The most condemnable bloodshed, however, took place on Oct. 25 last year when 78 Muslim-Thai protesters were arrested and suffocated to death while being transported in police trucks.
"This is typical," said Prime Minister Thaksin Shinawatra when asked about reports of scores dead in this massacre. "It's about bodies made weak from fasting. Nobody hurt them."

It can only be hoped that Prime Minister Thaksin's knowledge of postmortem forensics has improved since he made this infamous statement. But, alas, he has not softened his violence-based approach to dealing with the conflict in the south, which doesn't seem to get better as time goes by.

To be fair, however, Thaksin has met with Muslim leaders from other countries, namely Indonesia, to seek their advice on how to solve the southern problem. He has also put together a team of experienced and able Thais, such as former foreign minister Surin Pitsuwan, to work on it.

Unfortunately, this team seems ineffective because -- being the autocrat that he is -- Thaksin still calls all the shots when it comes to the southern conflict, or everything else in Thailand for that matter. He sees and approaches it the same way that US President George W. Bush -- whom he admires a lot -- does terrorism.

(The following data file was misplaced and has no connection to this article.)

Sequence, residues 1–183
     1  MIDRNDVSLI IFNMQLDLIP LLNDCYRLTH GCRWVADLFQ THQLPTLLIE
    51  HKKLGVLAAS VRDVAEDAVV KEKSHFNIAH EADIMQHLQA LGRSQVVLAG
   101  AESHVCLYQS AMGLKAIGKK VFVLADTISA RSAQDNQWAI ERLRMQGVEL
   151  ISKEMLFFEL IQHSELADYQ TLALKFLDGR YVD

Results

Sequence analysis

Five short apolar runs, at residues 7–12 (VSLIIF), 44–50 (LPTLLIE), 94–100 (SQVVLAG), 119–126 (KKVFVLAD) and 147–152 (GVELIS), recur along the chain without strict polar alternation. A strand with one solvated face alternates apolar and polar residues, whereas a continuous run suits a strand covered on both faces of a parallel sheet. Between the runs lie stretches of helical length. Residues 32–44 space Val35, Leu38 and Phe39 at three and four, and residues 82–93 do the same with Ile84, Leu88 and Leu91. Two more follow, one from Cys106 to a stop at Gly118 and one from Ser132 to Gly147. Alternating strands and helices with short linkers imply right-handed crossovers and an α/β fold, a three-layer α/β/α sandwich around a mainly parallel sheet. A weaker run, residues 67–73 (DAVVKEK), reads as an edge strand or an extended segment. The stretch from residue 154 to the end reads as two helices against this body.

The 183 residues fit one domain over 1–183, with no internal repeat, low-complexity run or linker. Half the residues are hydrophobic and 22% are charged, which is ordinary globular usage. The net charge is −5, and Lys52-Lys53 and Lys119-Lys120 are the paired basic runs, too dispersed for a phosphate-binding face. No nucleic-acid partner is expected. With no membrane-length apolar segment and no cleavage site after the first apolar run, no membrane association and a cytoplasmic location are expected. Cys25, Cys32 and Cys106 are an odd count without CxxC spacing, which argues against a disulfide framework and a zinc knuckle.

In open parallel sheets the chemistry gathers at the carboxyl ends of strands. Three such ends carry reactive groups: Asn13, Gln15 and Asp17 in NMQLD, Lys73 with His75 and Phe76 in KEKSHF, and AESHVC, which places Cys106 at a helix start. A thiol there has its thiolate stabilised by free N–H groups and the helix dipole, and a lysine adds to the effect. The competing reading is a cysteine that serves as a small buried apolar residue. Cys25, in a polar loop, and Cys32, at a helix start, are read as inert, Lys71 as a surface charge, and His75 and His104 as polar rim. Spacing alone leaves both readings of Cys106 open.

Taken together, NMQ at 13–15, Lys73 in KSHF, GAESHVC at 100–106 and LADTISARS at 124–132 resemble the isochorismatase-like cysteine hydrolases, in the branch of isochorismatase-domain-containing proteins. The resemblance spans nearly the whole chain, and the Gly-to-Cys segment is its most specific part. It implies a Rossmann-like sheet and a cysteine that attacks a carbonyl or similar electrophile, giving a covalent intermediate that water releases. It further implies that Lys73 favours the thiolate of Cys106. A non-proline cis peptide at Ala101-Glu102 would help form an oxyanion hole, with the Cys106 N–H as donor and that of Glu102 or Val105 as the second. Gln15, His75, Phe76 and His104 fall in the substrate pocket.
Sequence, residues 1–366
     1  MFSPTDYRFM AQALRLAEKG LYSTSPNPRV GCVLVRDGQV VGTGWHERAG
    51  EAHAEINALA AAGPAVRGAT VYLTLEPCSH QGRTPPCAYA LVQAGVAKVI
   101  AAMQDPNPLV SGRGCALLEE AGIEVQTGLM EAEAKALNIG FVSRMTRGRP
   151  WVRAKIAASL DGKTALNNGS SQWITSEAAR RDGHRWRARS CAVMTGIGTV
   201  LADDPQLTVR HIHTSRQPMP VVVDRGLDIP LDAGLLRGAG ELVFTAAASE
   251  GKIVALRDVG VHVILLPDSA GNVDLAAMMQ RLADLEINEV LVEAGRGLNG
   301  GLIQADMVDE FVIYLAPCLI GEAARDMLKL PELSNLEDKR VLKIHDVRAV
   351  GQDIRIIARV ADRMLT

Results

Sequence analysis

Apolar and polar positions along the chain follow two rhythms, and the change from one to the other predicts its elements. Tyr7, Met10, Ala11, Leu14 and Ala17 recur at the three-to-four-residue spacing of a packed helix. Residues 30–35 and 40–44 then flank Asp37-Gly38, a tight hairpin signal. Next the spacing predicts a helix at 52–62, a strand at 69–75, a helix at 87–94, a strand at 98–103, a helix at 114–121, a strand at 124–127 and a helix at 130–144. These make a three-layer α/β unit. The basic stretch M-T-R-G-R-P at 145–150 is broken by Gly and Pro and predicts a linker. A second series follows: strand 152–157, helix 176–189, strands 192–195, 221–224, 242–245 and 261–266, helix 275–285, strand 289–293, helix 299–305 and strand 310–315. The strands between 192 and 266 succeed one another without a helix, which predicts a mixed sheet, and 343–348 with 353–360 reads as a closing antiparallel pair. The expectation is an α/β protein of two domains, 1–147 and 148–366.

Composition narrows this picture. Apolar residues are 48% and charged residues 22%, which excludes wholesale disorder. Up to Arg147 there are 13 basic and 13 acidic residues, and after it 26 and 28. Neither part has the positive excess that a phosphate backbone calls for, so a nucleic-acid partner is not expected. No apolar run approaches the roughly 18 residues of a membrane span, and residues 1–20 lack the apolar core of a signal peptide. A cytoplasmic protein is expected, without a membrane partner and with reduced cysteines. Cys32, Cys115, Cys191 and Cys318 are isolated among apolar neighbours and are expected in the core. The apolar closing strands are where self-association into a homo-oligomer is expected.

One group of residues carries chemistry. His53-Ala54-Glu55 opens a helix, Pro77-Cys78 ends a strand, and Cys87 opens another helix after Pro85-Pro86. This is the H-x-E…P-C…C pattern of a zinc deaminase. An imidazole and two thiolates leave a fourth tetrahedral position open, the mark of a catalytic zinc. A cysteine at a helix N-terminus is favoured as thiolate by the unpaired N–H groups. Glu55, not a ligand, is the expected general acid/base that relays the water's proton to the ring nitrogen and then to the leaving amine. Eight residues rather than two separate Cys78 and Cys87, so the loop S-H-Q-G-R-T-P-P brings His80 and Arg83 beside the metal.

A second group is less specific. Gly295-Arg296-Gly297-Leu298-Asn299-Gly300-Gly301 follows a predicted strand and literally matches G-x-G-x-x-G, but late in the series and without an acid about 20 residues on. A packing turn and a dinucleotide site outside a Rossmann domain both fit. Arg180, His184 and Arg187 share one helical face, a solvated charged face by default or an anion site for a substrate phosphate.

Obviously, Thaksin's way of dealing with such a multi-dimensional and complex issue as the southern conflict is not working. This is because he is trying to solve this problem with military forces thinking that it will be corrected instead of finding out what its root causes are and treating them with appropriate, preventive measures.

To be sure, the Malay-Muslims in the south have been, and still are, the minority or "underdog" group. They make up about 2.3 million people of Thailand's 63 million population, the majority of whom are Buddhist. Over a century ago, the five southern provinces belonged to the Muslim kingdom of Pattani, which was "annexed" in 1902 by Siam, as Thailand was known then.